I need to figure out how much is on a LOT of hard drives-over 150 USB and thunderbolt drives. I thought I could build an AppleScript or an automator action to get the total size of a volume, and subtract the "available." Ideally, I could start the script, it would watch for a volume to mount, do this math, and add it to a running total.

We're shopping for a new server and we'd love to know how big of a drive we need to put on this thing to keep all these assets live.

I'm pretty new at apple script, but I'm trying. I can't even find AS dictionary items that will look for mounted disks-much less do the math of adding (even if it's just outputting the information it's pulling into a tab delimited file I could calulate in Excel)

Actually, maybe that's the ideal version. It sees a drive mount, gets the name, gets the total capacity, gets the free space...perfect world? a date created. Then adds that to a text file.

Code, pointers to where to learn-all appreciated.

  • You can use a launchd agent to detect when a volume was mounted and the shell command diskutil info to get the information about free and available space. – vadian Oct 12 '18 at 16:16

Here is an AppleScript solution that will return the displayed name and the amount of free space available on each mounted volume.

set allMountedVolumesInfo to {}

tell application "System Events"
    set everyDisk to every disk
    repeat with i from 1 to count of everyDisk
        set thisDisk to displayed name of item i of everyDisk
        tell its disk thisDisk
                set diskFreeSpace to (characters 1 thru 7 of ((free space / 1.0E+9) as string))
                set totalCapacity to (characters 1 thru 7 of ((capacity / 1.0E+9) as string))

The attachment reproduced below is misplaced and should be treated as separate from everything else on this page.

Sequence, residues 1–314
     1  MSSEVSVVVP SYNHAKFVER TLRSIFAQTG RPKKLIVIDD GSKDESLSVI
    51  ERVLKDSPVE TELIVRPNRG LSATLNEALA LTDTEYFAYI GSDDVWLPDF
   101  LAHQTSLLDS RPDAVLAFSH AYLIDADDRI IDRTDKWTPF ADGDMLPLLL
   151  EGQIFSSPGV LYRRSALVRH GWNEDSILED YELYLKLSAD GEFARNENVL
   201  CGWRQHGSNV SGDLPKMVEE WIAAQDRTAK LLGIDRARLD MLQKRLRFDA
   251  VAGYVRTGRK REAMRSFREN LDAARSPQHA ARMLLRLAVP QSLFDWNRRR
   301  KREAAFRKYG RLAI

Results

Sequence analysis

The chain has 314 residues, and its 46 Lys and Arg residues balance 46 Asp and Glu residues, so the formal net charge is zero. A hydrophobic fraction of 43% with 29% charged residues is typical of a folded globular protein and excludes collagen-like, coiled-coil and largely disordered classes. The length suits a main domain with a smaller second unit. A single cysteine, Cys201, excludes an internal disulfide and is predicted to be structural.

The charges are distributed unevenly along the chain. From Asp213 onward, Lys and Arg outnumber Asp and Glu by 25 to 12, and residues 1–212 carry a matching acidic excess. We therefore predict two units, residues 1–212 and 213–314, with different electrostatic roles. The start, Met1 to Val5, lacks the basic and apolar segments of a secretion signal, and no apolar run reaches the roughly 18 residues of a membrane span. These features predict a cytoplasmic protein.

set creationDate to creation date
            on error errMsg number errNum
                set diskFreeSpace to (free space / 1.0E+9)
                set totalCapacity to (capacity / 1.0E+9)
                set creationDate to creation date
            end try
            set theRecord to {volume:thisDisk, free space:((diskFreeSpace & " Gigabytes") as string), creation date:creationDate, capacity:((totalCapacity & " Gigabytes") as string)}
        end tell
        set end of allMountedVolumesInfo to theRecord
    end repeat
end tell

The script below is designed to be run as a folder action. If you're unfamiliar with these, they allow one to monitor a designated folder for any changes to its contents, upon which an AppleScript can be triggered to perform some actions with the items that were added (or removed) from the watched folder.

Whenever one mounts a disk, a mount point is added as a disk item to the /Volumes folder. Therefore, you can set up a folder action to watch the contents of the /Volumes folder, and have it trigger an AppleScript whenever a new volume is mounted.

Here's the script that is designed to be triggered:

use sys : application "System Events"
use scripting additions

property text item delimiters : tab
property fp : "~/Desktop/diskinfo.csv"

on adding folder items to Volumes after receiving D
    set D to a reference to the sys's disk named (item 1 of D)